The UK recorded its lowest temperature in two decades on Wednesday night - but how does it compare to some of the coldest winters in living memory?
The mercury dropped to minus 23.0C in Braemar, Aberdeenshire, the coldest temperature recorded in the UK since 1995, according to the Met Office.
We can now confirm that last night was the coldest February night across the UK since 23rd February 1955 🌡️ 📉
That includes the infamous winter of 1962/1963 ❄️
The #temperature in Braemar, Aberdeenshire fell to minus 23.0 °C at 08:13 this morning 🥶 pic.twitter.com/NpcdIbg5eC
— Met Office (@metoffice) February 11, 2021
Forecasters said the last time a temperature below minus 20C was recorded in the UK was December 23, 2010.
The UK is currently being blanketed by cold winds coming in from the Baltic, leading to an unusually chilly February with more snow predicted over the coming days.
Watch: Overnight temperatures in Braemar reach record low
But what were some of the UK's other big freezes like? Well, Yahoo News UK has looked into the five coldest winters in living memory to see how the country reacted then.
The winter of 1946/47
Just as the country was trying to recover from the disasters of the Second World War, the UK was hit by one of its harshest winters ever recorded.
While the freezing temperatures caused havoc across Europe the UK was hit the hardest and caused severe hardship for many.
While still among the coldest winters ever recorded with temperatures hitting -21C it was the snow that caused the most problems.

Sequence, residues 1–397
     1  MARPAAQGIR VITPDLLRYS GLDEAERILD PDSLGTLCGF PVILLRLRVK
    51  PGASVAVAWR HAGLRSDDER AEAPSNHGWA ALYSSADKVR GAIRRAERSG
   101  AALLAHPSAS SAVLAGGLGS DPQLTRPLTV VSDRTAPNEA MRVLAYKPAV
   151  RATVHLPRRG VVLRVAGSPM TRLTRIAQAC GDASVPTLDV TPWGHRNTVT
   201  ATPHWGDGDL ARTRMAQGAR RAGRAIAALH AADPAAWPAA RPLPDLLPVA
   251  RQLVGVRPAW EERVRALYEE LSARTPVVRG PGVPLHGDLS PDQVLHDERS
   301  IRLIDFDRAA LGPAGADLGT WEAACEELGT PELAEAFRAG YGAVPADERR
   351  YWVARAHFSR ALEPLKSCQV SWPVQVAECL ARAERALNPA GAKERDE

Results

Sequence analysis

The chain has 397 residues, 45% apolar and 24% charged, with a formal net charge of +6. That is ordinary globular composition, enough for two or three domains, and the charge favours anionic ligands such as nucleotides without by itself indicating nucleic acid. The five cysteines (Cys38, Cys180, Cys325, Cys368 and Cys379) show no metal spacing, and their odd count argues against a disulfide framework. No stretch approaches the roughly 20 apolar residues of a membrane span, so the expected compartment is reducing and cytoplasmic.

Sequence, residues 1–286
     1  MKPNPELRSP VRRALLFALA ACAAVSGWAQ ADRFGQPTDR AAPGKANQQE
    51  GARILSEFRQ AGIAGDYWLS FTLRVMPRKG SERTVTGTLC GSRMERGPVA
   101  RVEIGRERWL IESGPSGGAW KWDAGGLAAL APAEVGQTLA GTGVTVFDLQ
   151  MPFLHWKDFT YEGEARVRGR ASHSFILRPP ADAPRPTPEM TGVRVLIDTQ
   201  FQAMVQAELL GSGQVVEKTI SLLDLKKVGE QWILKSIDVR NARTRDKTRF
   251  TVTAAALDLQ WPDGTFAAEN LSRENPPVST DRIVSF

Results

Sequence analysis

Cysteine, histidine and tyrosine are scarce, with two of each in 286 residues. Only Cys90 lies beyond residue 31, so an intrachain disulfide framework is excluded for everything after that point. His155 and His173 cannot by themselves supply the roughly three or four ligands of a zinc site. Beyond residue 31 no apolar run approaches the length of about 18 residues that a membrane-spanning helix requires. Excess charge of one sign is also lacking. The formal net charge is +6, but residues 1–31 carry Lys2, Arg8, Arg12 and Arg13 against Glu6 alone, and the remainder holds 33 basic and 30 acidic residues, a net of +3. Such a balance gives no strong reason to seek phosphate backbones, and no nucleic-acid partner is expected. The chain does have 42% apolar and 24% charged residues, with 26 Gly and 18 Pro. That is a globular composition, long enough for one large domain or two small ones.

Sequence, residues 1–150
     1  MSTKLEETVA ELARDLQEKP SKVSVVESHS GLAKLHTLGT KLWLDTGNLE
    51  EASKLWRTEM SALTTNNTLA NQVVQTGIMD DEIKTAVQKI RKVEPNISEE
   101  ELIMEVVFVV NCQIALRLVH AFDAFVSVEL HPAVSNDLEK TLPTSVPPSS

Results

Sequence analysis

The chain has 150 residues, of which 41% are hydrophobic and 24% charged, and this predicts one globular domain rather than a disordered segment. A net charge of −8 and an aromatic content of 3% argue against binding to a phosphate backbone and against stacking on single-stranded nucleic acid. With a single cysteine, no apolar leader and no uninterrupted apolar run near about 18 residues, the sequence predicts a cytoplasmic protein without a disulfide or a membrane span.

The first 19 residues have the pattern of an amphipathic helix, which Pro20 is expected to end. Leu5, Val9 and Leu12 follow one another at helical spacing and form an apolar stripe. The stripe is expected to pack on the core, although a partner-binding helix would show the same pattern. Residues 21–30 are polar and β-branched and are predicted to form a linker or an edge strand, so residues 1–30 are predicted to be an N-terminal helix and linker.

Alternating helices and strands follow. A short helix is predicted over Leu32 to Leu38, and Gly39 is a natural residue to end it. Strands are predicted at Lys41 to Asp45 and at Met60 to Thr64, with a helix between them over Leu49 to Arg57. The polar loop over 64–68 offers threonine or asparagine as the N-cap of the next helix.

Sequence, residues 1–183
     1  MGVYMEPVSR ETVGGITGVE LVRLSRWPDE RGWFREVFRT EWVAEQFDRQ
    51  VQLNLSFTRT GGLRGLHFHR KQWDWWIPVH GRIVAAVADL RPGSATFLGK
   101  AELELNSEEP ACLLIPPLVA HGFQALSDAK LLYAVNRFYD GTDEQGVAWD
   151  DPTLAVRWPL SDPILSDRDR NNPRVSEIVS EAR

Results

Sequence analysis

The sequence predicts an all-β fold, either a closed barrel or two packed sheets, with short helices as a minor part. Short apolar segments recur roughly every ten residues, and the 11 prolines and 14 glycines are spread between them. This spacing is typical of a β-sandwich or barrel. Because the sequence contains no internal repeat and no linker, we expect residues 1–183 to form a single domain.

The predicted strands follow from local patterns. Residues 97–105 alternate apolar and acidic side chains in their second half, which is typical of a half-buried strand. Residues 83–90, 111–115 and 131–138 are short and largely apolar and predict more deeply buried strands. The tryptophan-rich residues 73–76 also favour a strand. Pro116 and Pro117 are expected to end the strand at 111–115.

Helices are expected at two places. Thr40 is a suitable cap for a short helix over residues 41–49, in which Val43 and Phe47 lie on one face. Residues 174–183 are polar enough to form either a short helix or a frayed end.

Between January and March 1947, snow fell every day somewhere in the country for 55 days straight.
When the thaw finally came, this caused its own problems – melt-water pouring into rivers meant many burst their banks, leading to flooding across many areas.
Floods were so deep in some areas of Nottingham the water reached as high as the first floor in many homes.
The winter of 1962-63 the coldest winter in 200 years
This winter saw the ‘Big Freeze of 1963’ and is considered to have been the worst British winter of modern times.
It was so cold the River Thames and some parts of the sea froze over.
The winter wasn't famous for setting any records about the depths of the cold (although several temperatures lower than-20C were recorded), it was the persistence of the sub-zero temperatures that made it particularly harsh.
January saw an average temperature -2.1C, more than five degrees lower than normal - seawater freezes at -2C.
It is believed to be the coldest winter since 1740.
The Big Snow of 1982
The severe weather occurred in December 1981 and January 1982.
December 1981 was the coldest for 100 years (a record that stood until 2010),with a daily mean temperature of 0.3C.
There was also a lot of snow, blizzards persisted from December all the way into March with snow drifts reaching as hjgh as 23ft.
The coldest temperature recorded in the UK was registered during the winter at −27.2C in Braemar, the same place that saw the record lows on Wednesday.
The Big Freeze of 2010
December 2009 and January 2010 saw both low temperatures and significant snowfall.
The weather saw treacherous conditions for driving or walking – with 1,000 motorists stranded overnight on the A3 in Hampshire from January 5 to 6.
The winter weather brought was responsible for 25 deaths, widespread transport disruption, school closures, power failures, and the postponement of sporting events.
The winter of 2010-11
One winter later the UK was hit again by another freeze.
December 2010 broke the records for the coldest December since records began with a mean temperature of -1C.
The winter was notable for the snow starting much earlier than usual, with the country blanketed in late November.
Some 30 inches of snow was recorded in the Peak District, just outside of Sheffield.
Conditions led to numerous transport and infrastructure issues.
As the bad weather came in the run-up to Christmas, it was also estimated to have cost the British economy £1.2 billion per day.
Watch: How to prevent getting into debt